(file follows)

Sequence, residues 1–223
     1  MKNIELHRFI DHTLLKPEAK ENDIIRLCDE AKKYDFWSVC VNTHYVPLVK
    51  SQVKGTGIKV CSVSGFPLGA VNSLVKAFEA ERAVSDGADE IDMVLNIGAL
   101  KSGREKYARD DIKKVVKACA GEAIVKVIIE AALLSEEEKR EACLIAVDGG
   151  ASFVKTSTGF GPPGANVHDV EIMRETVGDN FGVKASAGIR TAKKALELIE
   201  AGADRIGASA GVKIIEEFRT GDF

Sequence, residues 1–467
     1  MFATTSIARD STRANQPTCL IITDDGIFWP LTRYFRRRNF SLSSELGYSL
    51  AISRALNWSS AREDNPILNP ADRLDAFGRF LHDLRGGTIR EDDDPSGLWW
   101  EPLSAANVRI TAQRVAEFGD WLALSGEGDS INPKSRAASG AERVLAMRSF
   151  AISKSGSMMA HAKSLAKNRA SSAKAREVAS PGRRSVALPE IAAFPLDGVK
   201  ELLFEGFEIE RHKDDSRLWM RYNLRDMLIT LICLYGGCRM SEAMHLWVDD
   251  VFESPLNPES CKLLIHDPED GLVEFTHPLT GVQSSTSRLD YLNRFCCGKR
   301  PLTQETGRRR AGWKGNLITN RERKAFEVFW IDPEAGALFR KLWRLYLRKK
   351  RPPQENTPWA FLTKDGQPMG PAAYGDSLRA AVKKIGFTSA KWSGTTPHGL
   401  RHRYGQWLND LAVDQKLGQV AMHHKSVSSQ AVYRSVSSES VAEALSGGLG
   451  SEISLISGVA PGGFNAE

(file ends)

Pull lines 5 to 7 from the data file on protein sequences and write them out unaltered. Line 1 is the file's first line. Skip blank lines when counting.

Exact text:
   151  ASFVKTSTGF GPPGANVHDV EIMRETVGDN FGVKASAGIR TAKKALELIE
   201  AGADRIGASA GVKIIEEFRT GDF

Sequence, residues 1–467